By Donna Isbell Walker: January 23, 2017
But for the Greenville Symphony Orchestra’s upcoming Masterworks concert, to be presented Jan. 28 and 29 at the Peace Center, conductor Edvard Tchivzhel called on Edisher Savitski, who teaches piano at University of Alabama at Tuscaloosa.
The Prokofiev concerto had its premiere in Chicago in 1921, and its intricate, energetic flavor was inspired in part by the machinery of the industrial age, Tchivzhel said.
Some of the melodies are based on Russian folk songs.
“The energy will blow the audience away,” Tchivzhel said. “It’s amazing, a new kind of dynamism in this music.”
Film exists of Prokofiev playing his own compositions, which can make it a challenge for contemporary pianists who choose to perform the same works, because “everyone knows what the composer had in mind,” Tchivzhel said. “It’s hard to choose the right person to play.”
Savitski, who has won many awards, including the Third International Piano-E-Competition in 2006, has “great technique,” Tchivzhel said.
The concert marks Savitski’s first time performing with the GSO. Savitski said he’s looking forward to playing the concerto, in part because it’s so much fun to play, despite its complexities.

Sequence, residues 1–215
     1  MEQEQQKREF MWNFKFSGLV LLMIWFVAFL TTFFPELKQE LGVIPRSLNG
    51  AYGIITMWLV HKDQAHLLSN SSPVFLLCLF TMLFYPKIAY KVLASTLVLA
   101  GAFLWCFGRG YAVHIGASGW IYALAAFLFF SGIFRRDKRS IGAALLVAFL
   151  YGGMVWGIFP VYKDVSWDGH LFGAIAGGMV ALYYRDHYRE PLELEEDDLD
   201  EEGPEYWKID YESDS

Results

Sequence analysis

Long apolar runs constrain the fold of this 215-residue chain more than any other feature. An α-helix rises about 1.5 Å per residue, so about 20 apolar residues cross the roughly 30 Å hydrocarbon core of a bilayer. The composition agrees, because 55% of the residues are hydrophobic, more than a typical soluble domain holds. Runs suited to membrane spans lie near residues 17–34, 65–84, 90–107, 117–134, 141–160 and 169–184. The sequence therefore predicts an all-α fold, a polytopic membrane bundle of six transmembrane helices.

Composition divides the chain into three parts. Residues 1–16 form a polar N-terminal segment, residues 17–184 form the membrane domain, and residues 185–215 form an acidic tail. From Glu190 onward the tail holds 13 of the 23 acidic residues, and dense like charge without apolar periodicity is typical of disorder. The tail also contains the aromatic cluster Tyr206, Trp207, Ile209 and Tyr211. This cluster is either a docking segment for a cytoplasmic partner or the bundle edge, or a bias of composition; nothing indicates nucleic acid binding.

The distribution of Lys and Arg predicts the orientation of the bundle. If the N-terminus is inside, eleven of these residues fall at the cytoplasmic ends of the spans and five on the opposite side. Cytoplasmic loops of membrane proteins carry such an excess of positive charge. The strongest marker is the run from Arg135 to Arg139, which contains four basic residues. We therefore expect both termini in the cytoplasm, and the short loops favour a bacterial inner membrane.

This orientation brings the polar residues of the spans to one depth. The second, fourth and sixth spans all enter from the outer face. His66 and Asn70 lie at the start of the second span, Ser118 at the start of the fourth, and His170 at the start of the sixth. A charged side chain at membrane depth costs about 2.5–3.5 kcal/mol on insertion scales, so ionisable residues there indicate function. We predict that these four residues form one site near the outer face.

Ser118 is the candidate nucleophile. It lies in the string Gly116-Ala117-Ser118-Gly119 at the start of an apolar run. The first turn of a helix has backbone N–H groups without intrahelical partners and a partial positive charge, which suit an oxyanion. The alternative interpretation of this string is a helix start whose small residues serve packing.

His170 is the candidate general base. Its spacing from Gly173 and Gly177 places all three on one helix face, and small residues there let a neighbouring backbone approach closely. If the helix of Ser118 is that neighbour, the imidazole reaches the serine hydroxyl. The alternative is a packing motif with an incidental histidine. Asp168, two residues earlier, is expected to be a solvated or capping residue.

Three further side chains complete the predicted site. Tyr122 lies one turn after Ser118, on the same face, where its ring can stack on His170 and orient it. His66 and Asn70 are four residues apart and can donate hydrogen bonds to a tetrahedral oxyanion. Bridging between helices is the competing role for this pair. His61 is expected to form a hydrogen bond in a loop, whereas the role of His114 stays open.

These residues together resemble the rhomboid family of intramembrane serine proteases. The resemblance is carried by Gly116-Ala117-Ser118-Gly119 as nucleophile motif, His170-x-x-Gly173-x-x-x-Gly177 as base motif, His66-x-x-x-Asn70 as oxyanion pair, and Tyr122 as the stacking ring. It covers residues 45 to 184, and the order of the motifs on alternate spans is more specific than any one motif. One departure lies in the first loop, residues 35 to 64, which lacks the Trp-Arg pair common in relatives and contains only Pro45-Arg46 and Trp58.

“This is one of my favorite concertos in general, not just by Prokofiev,” said Savitski, a native of Tbilisi, Georgia. “It is very pianistically sound, it’s very well-written. It’s also tricky for the orchestras, I know from some of my colleagues and friends who play in different orchestras. They say it is pretty much the hardest for the orchestra, out of all of (Prokofiev’s five concertos). It’s a great piece to play for the pianist.”
The Prokofiev piece is one of three works to be spotlighted in the concert, whose theme is “In the Company of Great Romantics.”
The concert will open with Carl Maria von Weber’s Oberon overture, which Tchivzhel describes as a “famous curtain-opener. It starts very mysterious and poetic. … After that, it’s followed by a very fast allegro, breathtaking music.”
For the finale, the orchestra will play Robert Schumann’s Symphony No. 4, “an innovative piece,” Tchivzhel said.
With the work, Schumann “established a new form of symphony; there’s no break between movements. Schumann considered this work a fantasy rather than a symphony,” he said.
The piece has “an abundance of great melodies, very romantic mood and very ecstatic end.”
The GSO has three more Masterworks concerts in its 2016-2017 season: “Musical Desserts,” to be presented March 4 and 5; “Triumph of the Human Spirit,” April 8 and 9; and “Cirque de la Symphonie,” coming May 6 and 7.